Transplanting Carrot Tutorial

My sister has a lovely garden, last year she decided to try transplanting some of the tiny carrot plants. Some of you may have had this idea. Carrot seeds are small and planting a row can be tedious, maybe transplanting could solve the problems of weeds crowding out the baby plants and the need for heavy thinning later when the plants are established. I asked her to share her carrot transplanting experience with us.

Training Your Carrots To Sit
or
Don’t Transplant Your Carrots

Not all carrots will sit. One must practice patience and balance. Sorting through the carrots after they are clipped and scrubbed, the better students will show themselves. Don’t even try to train the hugging, the kicking, or the straight (where did THAT one come from?) carrots. Set them aside for other displays or possibly for eating.

To gain the properly trained carrots for sitting, plant your carrot seeds as usual. When they are about an inch to an inch and a half high, dig them up with a knitting needle. Poke a new hole for the transplant and place the baby carrot down in the new hole. Guide it in with the knitting needle. Because the hair-like roots have been moved, the carrot will grow in a new and unique shape. Early fall dig your special vegetables. Sort them carefully to find the ones bent at a 90 degree angle. These will sit the best. Be advised that the carrots must be screened and censored for X-rated forms and positions.

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As Janae said, all carrots are not as well schooled in sitting here are some of the rejects (or x-rated).IMG_0938

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Spring Greens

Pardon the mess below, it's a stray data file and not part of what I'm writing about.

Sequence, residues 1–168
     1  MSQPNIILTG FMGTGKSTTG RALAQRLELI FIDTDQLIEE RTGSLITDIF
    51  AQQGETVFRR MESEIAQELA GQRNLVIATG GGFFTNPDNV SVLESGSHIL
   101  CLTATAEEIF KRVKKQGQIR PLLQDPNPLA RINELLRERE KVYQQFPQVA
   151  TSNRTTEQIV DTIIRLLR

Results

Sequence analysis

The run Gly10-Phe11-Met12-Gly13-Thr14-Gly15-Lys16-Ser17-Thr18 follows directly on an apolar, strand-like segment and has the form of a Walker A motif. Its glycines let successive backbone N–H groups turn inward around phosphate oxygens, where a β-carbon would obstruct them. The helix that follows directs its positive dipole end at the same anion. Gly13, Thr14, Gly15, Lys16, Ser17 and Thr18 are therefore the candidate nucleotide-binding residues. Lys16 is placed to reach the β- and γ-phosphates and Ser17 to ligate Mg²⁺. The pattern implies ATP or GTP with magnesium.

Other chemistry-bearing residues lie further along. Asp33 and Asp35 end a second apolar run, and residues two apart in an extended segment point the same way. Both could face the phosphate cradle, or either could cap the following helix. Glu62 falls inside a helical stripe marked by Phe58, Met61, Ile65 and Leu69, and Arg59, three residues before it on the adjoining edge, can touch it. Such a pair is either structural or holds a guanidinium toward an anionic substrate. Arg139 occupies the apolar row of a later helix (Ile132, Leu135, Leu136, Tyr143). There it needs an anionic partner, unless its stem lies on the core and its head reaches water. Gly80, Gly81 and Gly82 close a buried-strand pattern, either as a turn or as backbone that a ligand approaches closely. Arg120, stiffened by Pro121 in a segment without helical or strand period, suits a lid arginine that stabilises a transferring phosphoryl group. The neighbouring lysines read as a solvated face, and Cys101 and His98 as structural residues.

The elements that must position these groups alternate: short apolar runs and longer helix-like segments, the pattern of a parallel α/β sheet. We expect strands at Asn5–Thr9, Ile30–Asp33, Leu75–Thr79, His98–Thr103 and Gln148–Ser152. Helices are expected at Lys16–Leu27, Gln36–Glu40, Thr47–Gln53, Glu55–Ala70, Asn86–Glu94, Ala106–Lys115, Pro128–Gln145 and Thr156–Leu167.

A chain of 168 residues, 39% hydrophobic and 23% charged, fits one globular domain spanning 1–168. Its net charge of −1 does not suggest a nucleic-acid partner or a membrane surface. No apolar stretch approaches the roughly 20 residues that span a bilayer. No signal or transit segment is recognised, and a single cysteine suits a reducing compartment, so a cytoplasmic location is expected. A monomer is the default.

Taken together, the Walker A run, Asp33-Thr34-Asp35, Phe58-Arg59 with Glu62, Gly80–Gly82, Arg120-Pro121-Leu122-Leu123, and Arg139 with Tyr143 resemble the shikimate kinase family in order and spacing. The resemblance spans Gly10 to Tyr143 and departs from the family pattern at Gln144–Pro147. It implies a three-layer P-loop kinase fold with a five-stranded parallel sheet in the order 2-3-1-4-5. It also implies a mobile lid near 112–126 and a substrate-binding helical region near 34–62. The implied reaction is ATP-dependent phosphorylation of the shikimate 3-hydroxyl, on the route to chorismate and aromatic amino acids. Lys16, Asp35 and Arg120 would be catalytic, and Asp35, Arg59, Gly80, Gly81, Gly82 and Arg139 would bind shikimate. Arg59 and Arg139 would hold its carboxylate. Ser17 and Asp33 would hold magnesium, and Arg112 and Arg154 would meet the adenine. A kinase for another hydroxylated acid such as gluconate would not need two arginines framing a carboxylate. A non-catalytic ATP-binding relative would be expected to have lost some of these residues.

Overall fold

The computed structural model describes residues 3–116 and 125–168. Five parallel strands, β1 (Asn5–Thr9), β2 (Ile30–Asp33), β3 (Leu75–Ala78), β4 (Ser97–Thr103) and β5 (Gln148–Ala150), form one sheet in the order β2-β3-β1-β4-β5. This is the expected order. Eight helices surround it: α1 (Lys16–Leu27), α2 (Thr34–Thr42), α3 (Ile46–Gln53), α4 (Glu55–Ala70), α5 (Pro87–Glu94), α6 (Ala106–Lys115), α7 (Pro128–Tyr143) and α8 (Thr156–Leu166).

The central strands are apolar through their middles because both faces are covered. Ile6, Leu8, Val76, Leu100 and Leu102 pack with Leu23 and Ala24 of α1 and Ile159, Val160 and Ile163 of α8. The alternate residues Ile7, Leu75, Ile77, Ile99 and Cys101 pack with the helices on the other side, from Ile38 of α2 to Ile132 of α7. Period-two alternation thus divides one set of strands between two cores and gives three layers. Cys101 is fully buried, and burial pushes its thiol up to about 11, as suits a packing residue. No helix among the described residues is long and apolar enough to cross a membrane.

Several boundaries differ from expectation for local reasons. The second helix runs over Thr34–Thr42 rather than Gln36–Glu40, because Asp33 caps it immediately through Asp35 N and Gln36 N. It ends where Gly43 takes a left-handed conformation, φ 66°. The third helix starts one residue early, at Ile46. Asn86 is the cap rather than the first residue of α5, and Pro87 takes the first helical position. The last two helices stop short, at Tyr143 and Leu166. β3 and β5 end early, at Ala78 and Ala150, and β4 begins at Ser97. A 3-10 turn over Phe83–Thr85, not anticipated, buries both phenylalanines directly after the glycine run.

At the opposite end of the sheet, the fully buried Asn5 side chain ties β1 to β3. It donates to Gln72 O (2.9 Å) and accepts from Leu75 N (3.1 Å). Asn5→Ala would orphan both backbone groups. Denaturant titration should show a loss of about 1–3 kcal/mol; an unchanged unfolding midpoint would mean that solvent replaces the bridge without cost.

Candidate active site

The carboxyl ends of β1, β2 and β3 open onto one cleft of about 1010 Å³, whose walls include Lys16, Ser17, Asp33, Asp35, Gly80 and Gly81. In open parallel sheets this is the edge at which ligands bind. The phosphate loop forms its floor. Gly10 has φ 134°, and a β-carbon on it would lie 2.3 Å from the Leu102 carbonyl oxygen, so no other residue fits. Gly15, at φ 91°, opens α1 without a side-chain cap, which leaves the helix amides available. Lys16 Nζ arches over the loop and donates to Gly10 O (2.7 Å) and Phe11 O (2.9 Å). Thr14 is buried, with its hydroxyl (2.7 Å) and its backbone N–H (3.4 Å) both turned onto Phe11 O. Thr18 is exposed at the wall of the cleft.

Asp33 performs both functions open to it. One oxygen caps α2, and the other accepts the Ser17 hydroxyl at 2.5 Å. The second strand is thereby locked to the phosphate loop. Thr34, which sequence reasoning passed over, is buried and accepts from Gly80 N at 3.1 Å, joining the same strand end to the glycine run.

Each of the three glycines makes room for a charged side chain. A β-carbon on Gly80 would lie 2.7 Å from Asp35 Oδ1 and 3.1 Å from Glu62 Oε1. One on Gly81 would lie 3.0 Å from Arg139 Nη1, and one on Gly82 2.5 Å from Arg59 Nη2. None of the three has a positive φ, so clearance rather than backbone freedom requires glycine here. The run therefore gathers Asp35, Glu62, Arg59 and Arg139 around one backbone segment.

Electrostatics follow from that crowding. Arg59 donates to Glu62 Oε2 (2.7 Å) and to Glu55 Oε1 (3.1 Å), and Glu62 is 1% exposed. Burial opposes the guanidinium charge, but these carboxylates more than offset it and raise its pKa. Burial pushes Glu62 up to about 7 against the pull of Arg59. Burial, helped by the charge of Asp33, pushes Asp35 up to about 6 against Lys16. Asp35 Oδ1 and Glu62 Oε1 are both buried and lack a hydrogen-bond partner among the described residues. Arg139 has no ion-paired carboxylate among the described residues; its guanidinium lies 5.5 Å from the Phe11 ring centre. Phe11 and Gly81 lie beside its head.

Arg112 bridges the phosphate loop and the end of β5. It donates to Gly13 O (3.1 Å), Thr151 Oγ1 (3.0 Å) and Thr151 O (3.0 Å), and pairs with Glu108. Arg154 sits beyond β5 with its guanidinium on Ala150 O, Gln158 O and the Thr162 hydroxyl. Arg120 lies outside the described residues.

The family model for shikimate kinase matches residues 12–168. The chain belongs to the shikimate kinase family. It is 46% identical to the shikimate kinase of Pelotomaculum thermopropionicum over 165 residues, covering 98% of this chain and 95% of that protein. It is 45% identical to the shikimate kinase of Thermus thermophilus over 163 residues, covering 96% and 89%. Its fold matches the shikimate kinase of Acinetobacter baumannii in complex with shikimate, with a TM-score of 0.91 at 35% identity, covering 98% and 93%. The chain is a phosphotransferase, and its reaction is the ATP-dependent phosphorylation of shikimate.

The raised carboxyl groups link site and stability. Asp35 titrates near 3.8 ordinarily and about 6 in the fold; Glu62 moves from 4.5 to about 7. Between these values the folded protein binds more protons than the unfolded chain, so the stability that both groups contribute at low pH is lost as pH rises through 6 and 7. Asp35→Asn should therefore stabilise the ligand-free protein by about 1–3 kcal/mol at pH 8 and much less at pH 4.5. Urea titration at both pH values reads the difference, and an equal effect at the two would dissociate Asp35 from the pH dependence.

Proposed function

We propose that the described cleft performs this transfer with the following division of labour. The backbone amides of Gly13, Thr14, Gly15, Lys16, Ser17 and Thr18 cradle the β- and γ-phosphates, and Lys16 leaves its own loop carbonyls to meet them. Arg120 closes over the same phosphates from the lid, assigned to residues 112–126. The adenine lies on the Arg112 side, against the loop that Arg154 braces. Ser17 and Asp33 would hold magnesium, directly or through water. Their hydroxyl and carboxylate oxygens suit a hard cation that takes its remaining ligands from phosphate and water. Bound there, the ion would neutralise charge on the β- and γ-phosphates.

Winter Cress, Yellow Rocket, or Barbara’s Cress (Barbarea vulgaris, R. Br. member of a large family of plants, cruciferae, brassica and mustard) Named for Saint Barbara since the herb can be harvested during the cold winter months, Saint Barbara’s Day is December 4 and used as a salad green.

Surprising how quickly we forget the use of wild foods when it is so simple to fill our refrigerator with store purchased produce. Late in April, during the Intro to Farming workshop we wanted to include some fresh and foraged foods in our meal so Rick took a group of students to the nettle patch. It was a prosperous harvest, as they also came across a large area of Winter Cress that was beginning to form florets.

Rick had them harvest a shopping bag full of cress, along with another paper sack of nettles. Continue reading “Spring Greens”

Serviceberry Flower Infusion


I love ingredients so this idea of playing with Serviceberry flowers is my idea of fun.

Serviceberries are one of the tastier wild fruits at Quillisascut and the easiest for us to savor fresh from the bush (think about elderberries, rosehips, Oregon grape, and chokecherries which all need additional sweetener and you will understand the context of tasty) Serviceberries are slightly sweet with a hint of bitter almond. Last year I was eager to make bitters so I tried macerating the ripe berries in vodka and it did give a slight almond flavor to the infusion. Today while the trees are still flowering I steeped some of the flowers in vodka and others were infused in simple syrup. The flavor is wonderfully bitter almond! Continue reading “Serviceberry Flower Infusion”